This is the annual Mother’s Day Blog so I have to remind readers that mothering is the very hardest job on the planet even with the easiest of kids. From the moment that child is born, it’s life is in the hands of it’s mother to be nourished, nurtured, and cared for in so many ways. Not to negate the father’s role, but let’s face it – they can’t exactly breastfeed – and they will get their own blog on Father’s Day! No matter how egalitarian the responsibilities for child rearing are divvied up, the mother usually gets the lion’s share.I must mention as I do each and every year I’ve had a blog, that I marvel at the combination of design (heavy emphasis on that) and luck that gave me the two very best kids on the planet. And then as a bonus I got three fantastic stepsons who I also adore. It’s always a Happy Mother’s Day for me – a Happy Every Day with kids (now adults) like that.
Yet I have decided to take a break from talking about my own mothering, or bragging, or whatever I usually do on Mother’s Day, to talk about another mother who has flawlessly pulled off one of the most daunting mothering assignments of all – raising quadruplets – and for a good portion of time as a divorced mom- into well-adjusted, really great adults. And this was before mega-multiples hit the scene and the reality show circuit and became fashionable! There was no reality show for Irene but she sure lived it.
I’ve known Irene and her instant brood of four since my own daughter was a newborn. Friends told me a playgroup was forming, and two of the moms who invited me and my daughter Elissa also included Irene, mother of four premature quadruplets – three boys, one girl – two identical twins, and the rest fraternal. Their names are Adam, Daniel, Lauren and Mark.
At first Irene had her hands more than full just getting them all to survive, then all on schedule, and somehow she conquered all those challenges with a sweet temperament.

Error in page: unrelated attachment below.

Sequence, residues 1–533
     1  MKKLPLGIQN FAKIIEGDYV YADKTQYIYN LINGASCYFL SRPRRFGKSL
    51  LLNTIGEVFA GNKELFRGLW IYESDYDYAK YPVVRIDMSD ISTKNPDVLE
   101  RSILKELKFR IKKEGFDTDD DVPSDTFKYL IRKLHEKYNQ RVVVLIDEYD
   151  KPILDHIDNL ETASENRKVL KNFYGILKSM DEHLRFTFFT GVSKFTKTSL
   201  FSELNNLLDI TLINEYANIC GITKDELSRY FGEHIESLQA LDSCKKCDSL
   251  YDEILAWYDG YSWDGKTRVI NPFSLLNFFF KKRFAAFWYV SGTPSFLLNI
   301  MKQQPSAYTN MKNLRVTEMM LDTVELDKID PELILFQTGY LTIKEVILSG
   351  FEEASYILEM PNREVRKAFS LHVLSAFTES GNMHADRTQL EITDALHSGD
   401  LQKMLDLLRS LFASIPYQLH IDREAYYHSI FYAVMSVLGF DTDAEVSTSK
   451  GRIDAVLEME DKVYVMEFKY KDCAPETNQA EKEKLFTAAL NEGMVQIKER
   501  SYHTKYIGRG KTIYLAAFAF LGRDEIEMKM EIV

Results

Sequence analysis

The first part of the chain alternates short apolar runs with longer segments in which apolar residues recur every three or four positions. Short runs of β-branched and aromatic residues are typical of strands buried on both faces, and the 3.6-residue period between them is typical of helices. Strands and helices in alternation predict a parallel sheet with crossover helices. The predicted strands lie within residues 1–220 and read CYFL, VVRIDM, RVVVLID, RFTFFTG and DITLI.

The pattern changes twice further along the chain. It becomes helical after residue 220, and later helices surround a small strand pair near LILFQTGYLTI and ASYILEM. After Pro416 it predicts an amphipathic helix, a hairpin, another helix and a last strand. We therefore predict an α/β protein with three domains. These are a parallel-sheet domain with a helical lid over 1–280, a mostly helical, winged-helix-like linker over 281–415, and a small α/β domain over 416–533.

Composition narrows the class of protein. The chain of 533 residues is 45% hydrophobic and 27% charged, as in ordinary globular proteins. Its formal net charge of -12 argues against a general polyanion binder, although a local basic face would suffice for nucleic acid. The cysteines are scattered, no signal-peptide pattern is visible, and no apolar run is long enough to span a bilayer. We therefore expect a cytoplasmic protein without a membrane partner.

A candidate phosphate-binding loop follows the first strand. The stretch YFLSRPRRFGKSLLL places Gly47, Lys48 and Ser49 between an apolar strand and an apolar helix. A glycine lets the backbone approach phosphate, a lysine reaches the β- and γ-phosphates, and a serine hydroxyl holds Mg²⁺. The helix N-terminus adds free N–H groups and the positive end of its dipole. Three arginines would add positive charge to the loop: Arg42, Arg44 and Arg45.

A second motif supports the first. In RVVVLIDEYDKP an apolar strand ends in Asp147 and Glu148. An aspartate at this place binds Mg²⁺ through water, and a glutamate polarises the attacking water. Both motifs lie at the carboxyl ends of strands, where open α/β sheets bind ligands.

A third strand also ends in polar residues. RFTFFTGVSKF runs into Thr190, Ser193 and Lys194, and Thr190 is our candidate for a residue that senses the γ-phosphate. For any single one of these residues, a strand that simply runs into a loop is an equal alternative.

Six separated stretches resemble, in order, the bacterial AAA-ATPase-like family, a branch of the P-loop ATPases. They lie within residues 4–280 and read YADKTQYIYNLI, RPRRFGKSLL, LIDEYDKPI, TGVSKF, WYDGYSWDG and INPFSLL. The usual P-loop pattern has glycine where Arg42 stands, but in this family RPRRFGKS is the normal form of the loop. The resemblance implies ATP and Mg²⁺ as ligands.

I will always have a very soft spot for all four due to remembering what little tiny peanuts they were – fighting to live and to grow.From the beginning, we were mostly around Irene to provide camaraderie and support since our own babies were also too young to truly socialize (it was more for the moms anyway) and she had much more going on than any of us with single babies. We also went to Irene’s house more than anyone else’s because it was easier for her there. She had her feeding and sleeping charts and color coding system going and she could stay more organized. We were distressed when our one baby wailed. Imagine a harmony of four babies wailing at the same time! We all saw and heard this and had to admire Irene’s ability to stay cool.
As her four became active toddlers, Irene more than once greeted us for playgroup telling us to come in as she was saying goodbye. “Come on in and play with the other three,” she would tell us, leaving her brood with her mother’s helper because she had to rush one to the hospital or doctor. She always stoically managed damage control – and I would have been hysterical each time. “Oh Daniel cut his chin and I need to run him to the hospital for stitches. Have fun with playgroup,” she bid us as she rushed out the door.
What impressed me most during any crisis from high fever to stitches, x-rays and like, was her total, utter unflappability. She could tend to the one who needed it most and still make the other three feel important.
One time she confided in me that she wanted to get pregnant again and have one baby so she could feel what that was like. I can’t say any of us would have wished to be in her shoes for even a moment, especially through those baby and toddler years, yet she made it look almost easy.She was, and is, as easy going as they come and that nature is reflected in her children. Through the years, she surmounted many challenges because she had four sets of wounds, puberty, teen issues, in-fighting, milestones, growing pains and everything else all at once. There was tons of juggling involved. Then she survived a shocking divorce, and then finally an all-at-once Empty Nest. (Click here